Audubon Works to Rehabilitate 30 Cold-Stunned Sea Turtles
NEW ORLEANS (press release) – Thirty endangered Kemp’s ridley sea turtles, part of a massive cold-stunning event along the New England coast, were transported to Audubon Coastal Wildlife Network November 25-26 for rehabilitation and eventual release into the Gulf of Mexico.
Typically, sea turtles migrate to warmer waters in the fall, but, if they don’t make the migration before coastal water temperatures drop, they can suffer from hypothermia, also known as cold-stunning. Symptoms of cold-stunning can include decreased heart and respiration rates, decreased circulation, and lethargy. All can be followed by shock and pneumonia.
So far this season, rescue and rehabilitation efforts have been underway as hundreds of cold-stunned sea turtles wash up on the beaches of Cape Cod, MA. Staff and volunteers with Massachusetts Audubon Wellfleet Bay Wildlife Sanctuary rescue the turtles and take them to the New England Aquarium’s sea turtle hospital and to the National Marine Life Center, where they are stabilized before being flown to secondary rehabilitation facilities along the East Coast and Gulf of Mexico, including CWN, to continue treatment.
Of the thirty turtles CWN received, twenty-one turtles were sent from the New England Aquarium and nine were sent from the National Marine Life Center in Massachusetts.
“We were more than happy to jump in and offer our help with the rehabilitation of these sea turtles,” said Audubon Marine Mammal and Sea Turtle Stranding, Rescue, and Rehab Coordinator Gabriella Harlamert. “We are currently assessing the health of each turtle and getting them on a path to recovery in hopes that we will be able to release them back into the Gulf of Mexico in the months to come.”
On November 25, the rescued turtles took off from New England with Turtles Fly Too, Inc. which recruits “Turtle Fliers,” who donate their expertise, aircraft, fuel, and labor in order to assist the rescue efforts of endangered species around the country. NOAA Fisheries works with Turtles Fly Too to coordinate flights, which are freeing up valuable space for more cold-stunned turtles at the New England Aquarium and the National Marine Life Center.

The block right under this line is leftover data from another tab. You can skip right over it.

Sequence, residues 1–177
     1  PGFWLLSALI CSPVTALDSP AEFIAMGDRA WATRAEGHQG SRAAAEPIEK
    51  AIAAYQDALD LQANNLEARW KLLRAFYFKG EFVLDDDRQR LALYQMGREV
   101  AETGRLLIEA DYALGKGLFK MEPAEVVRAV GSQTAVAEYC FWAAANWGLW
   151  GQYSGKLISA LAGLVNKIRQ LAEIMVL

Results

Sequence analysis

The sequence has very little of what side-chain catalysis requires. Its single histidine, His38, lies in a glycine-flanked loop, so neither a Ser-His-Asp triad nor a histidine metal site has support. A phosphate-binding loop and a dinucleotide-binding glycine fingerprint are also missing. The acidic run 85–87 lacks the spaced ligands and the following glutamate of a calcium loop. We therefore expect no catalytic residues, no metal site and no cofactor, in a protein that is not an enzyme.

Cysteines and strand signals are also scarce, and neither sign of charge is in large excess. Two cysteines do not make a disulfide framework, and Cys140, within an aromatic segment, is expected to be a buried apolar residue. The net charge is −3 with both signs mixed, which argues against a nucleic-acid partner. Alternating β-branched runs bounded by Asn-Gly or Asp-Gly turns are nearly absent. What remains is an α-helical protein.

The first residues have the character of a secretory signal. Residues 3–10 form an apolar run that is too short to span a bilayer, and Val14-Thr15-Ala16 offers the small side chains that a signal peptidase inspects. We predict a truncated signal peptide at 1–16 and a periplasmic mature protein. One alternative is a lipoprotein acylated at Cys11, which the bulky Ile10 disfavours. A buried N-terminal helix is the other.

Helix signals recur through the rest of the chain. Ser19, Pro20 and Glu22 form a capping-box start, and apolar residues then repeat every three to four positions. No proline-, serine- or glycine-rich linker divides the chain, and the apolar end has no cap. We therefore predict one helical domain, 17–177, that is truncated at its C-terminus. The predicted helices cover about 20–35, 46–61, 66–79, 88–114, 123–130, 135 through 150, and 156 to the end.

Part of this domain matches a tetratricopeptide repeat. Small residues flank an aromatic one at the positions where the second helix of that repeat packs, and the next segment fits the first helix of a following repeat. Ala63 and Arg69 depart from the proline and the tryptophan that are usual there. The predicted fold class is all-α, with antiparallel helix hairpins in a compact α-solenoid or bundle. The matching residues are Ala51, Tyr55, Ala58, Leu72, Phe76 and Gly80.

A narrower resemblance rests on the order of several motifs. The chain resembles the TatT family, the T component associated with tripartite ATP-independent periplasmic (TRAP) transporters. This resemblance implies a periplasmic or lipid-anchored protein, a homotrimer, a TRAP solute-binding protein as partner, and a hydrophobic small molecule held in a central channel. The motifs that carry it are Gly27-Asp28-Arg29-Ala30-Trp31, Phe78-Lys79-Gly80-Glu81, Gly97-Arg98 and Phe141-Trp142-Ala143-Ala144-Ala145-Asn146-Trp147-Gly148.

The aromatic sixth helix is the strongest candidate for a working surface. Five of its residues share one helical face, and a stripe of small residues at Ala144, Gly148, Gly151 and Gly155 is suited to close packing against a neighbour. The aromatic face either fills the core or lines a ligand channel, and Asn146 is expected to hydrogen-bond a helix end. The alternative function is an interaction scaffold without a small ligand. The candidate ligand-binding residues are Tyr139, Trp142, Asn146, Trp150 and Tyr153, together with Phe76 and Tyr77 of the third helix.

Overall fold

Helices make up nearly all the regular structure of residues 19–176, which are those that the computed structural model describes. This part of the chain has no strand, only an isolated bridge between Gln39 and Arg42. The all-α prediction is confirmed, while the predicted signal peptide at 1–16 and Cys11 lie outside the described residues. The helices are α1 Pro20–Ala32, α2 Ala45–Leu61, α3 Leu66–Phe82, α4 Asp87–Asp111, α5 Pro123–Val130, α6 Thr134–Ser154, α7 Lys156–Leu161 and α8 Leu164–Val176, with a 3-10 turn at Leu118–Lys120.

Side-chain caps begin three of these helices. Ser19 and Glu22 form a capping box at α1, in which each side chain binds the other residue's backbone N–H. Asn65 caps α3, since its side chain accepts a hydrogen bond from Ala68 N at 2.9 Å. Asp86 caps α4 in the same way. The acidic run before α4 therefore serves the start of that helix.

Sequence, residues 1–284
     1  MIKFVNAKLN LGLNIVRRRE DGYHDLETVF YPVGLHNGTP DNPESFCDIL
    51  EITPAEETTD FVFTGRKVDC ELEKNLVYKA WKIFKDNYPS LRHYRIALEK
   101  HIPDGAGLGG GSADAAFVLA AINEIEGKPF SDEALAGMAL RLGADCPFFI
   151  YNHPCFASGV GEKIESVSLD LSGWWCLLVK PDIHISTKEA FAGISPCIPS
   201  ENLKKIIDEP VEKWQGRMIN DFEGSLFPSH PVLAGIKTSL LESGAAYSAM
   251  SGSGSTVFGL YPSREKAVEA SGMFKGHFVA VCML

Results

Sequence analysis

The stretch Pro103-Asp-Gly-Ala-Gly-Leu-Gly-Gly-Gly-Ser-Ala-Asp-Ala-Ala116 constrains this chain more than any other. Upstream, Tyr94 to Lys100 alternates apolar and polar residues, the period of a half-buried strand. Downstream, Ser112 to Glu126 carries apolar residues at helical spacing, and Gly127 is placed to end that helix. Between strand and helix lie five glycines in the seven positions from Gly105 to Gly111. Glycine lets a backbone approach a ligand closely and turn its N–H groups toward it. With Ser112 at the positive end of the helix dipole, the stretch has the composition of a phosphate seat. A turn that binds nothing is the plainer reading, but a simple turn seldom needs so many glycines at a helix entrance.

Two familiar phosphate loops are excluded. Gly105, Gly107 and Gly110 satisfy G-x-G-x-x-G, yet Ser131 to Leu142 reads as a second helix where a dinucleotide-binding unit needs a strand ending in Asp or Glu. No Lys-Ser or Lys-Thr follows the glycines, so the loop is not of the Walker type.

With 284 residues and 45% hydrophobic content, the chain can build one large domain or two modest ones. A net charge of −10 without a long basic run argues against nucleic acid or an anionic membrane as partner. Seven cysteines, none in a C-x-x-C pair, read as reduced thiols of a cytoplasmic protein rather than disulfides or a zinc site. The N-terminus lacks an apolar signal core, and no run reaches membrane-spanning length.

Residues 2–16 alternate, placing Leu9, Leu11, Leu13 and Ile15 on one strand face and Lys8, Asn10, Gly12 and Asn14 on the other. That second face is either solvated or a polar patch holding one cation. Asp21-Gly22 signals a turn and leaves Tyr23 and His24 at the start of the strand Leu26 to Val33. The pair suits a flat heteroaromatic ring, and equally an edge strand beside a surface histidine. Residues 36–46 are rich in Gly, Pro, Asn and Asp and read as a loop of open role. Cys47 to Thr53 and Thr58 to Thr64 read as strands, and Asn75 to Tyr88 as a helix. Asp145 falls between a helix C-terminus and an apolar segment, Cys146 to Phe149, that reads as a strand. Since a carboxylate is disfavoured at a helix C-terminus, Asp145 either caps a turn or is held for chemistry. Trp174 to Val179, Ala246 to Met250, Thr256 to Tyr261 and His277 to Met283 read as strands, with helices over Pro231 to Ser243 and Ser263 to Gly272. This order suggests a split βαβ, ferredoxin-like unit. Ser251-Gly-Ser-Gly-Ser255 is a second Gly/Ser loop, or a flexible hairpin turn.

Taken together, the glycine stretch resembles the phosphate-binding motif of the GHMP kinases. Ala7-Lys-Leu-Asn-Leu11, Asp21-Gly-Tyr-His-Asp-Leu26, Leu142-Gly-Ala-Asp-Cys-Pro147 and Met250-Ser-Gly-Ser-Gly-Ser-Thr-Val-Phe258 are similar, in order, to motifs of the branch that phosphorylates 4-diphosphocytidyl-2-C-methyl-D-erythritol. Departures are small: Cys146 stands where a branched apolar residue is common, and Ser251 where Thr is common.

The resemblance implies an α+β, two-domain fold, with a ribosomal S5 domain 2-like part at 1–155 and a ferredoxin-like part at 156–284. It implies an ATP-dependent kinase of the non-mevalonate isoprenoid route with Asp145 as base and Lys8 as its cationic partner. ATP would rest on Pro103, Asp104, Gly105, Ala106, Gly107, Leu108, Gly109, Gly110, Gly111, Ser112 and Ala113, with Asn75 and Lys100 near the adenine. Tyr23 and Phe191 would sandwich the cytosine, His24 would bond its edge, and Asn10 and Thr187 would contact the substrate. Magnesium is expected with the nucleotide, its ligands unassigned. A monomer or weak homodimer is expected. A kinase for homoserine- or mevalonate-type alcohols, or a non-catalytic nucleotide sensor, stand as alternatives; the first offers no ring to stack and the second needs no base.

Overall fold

Due to severe weather on November 25, the plane was forced to change course and refuel twice. After refueling in Chattanooga, TN, the plane experienced a mechanical issue preventing it from flying.
Tennessee Aquarium staff graciously took the 30 turtles to an offsite facility and cared for them overnight. On the morning of Thanksgiving Day, the turtles were loaded in a transport vehicle and Turtles Fly Too’s pilots Robert Tingley and his wife and co-pilot Jennifer took to the road to continue the journey to New Orleans. CWN staff met the pilots halfway and arrived at CWN’s Aquatic Center the evening of November 26.
“Our Turtle Fliers are always ready and generously contribute to assist in endangered species rescue. Robert and Jessica’s flexibility to persevere through the many complications that made up this ‘perfect storm’ experience lends volumes to the dedication of each of our 350 pilots. Turtles Fly Too provides affected rescue and rehabilitation agencies a rapid solution; whether we transport one or 70 sea turtles, at a value of between $10-$35K per flight,” said Leslie Weinstein, president of Turtles Fly Too.
Once with CWN, each turtle was given a physical examination and a swim test to determine their overall health and condition. In spite of the long transport journey, the turtles are in good condition and are already on the road to recovery.
Harlamert added, “This effort would not have been possible without the generous collaboration of organizations across the country who all value the conservation of this endangered species.”
CWN hopes to begin releasing some of the turtles into the Gulf of Mexico in as early as two months, but others may take longer to be cleared by veterinarians. In addition to cold-stunning, some of the turtles suffer from shell trauma and secondary effects from the cold-stunning, such as pneumonia.
CWN staff have create highly individualized treatment plans for each turtle and will monitor them intensively.
Coordinated by Audubon Nature Institute, CWN serves as NOAA Fisheries’ primary marine mammal and sea turtle stranding network partner in Louisiana.
CWN is committed to the humane care and treatment of injured, ill, or displaced marine animals in Louisiana and is the only entity in the state responsible for the rehabilitation of live marine mammals and sea turtles. The information CWN collects from stranded animals provides a snapshot into the health of the marine environment and provides a better understanding of threats to marine mammals and sea turtles in the wild.
The public is advised to report all stranded marine mammals and sea turtles (live or dead) to CWN at (504) 235-3005.
When reporting strandings, the public should be prepared to give:
- Exact location and/or GPS coordinates,
- Photographs of the animal, and
- Nature of the report (type of animal/live or dead/size, etc.).
Recommendations when reporting a live stranded animal include:
- Put human safety above animal safety. If conditions are dangerous, do not attempt to approach the animal.
- Keep crowds away and noise levels down to avoid causing stress to the animal.
- Don’t push an animal on shore back into the water.
- If the animal returns to the water on its own, don’t attempt to interact with it.
- Leave all entanglements that may be present on the animal.
Though the COVID-19 crisis has had a devastating financial impact on Audubon Nature Institute, it remains committed to going above and beyond to help animals in need. The public can help these turtles and many more marine animals like them by supporting Audubon’s continued work to protect and preserve the natural world by donating at audubonnatureinstitute.org/seaturtles.